Posts: 5,713
Just the 18 - 55mm kit lens will work for portraits, although it won't be the best.

It was all that I used until I got a now obsolete Sigma 28 - 84 f3.4 - 4.5, which was 100 x better. I took this lens out for the first time in 6 months or so last week, and it still does a sweet job

Then I got an old K-mount 55mm f1.8. I still use this lens for my some of my portrait work.

I haven't used it yet, but I also added a old screwmount 50mm f1.4 to my collection last week. Which I know will be perfect for them as well.

I have around $70.00 invested in all these lenses put together. (not counting the 18 - 55, which came with my camera) So you really don't have to break the bank for some decent quality glass.
Just do a little research, like your doing and you'll get what's right for you.
06-10-2008, 11:15 AM   #14
Moderator
Tom S.'s Avatar

Join Date: May 2008
Location: S.E. Michigan
Photos: Albums
Posts: 4,239
Since you are broke, why not just use your 28-80 set to around 60?
06-10-2008, 12:17 PM   #15
Igilligan
Guest




They all work pretty good for portrait shots IMO

Just get what ever your budget originally allows and shoot it a ton... You will learn so much about what that lens can do in different conditions and learn what you need in your next portrait lens...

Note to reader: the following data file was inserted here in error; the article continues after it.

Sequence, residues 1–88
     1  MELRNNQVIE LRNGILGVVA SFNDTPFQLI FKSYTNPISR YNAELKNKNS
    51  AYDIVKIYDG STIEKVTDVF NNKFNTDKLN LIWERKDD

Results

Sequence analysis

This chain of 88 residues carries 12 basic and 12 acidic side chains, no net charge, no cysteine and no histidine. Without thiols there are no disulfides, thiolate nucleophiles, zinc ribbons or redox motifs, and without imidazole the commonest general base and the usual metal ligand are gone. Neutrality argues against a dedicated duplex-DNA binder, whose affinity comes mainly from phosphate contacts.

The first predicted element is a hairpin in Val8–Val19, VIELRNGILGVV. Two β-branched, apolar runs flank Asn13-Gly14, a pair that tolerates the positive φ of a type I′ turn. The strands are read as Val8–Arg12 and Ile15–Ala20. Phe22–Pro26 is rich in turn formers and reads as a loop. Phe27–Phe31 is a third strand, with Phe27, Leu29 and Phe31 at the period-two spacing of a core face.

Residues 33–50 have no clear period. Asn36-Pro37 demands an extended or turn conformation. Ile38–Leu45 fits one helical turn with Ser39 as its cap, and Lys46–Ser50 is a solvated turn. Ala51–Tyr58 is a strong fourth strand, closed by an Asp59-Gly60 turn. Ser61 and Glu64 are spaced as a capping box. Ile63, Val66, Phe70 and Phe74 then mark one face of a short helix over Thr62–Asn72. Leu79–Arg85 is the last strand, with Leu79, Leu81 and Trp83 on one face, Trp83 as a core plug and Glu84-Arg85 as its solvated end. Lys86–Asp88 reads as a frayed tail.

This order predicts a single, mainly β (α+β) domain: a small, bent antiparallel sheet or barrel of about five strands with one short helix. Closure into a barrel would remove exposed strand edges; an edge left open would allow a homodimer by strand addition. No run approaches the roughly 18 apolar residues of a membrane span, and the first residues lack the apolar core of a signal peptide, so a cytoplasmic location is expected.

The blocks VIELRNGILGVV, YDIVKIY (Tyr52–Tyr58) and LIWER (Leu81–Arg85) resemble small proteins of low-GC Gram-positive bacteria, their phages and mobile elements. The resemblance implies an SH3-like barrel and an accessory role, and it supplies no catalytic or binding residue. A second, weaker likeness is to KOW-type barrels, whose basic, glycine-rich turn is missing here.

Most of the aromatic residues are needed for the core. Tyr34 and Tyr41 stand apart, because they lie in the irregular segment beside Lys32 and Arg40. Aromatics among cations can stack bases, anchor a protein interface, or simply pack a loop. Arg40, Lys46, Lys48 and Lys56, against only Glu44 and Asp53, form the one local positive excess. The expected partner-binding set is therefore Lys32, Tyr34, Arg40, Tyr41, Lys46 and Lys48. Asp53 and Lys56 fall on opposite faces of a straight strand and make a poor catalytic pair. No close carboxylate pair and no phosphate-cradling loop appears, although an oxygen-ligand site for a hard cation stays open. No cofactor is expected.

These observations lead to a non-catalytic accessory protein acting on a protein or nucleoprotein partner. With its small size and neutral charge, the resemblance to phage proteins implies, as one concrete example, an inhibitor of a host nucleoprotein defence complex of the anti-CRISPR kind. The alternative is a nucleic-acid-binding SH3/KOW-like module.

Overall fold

Most of these shots were from my first few days with these lenses... you will get better results once you use your lens more...
My addiction to steel and glass keeps me buying new ones before I ever get the best out of the last one... do as I say, not as I do!

P.S. I would love to have your Sigma EX 70- 200 /2.8 as a head and shoulders portrait lens... have you tried it yet?

Now if you are talking portrait studio work, then ignore all of the above... I am a face snapper


18-55 KIT



DA 50-200



$40 S-M-C Takumar 50-1.4



$139 tamron 70-300



$200 FA 50 1.4


And a couple from my fave $349 Tamron 28-75 2.8



$225 used DA 40 ltd

Last edited by Igilligan; 06-10-2008 at 01:38 PM.
Reply

Bookmarks
  • Submit Thread to Facebook Facebook
  • Submit Thread to Twitter Twitter
  • Submit Thread to Digg Digg
Tags - Make this thread easier to find by adding keywords to it!
k-mount, lens, pentax lens, slr lens
Thread Tools Search this Thread
Search this Thread:

Advanced Search



All times are GMT -7. The time now is 02:56 AM. | See also: NikonForums.com, CanonForums.com part of our network of photo forums!
  • Red (Default)
  • Green
  • Gray
  • Dark
  • Dark Yellow
  • Dark Blue
  • Old Red
  • Old Green
  • Old Gray
  • Dial-Up Style
Hello! It's great to see you back on the forum! Have you considered joining the community?
register
Creating a FREE ACCOUNT takes under a minute, removes ads, and lets you post! [Dismiss]
Top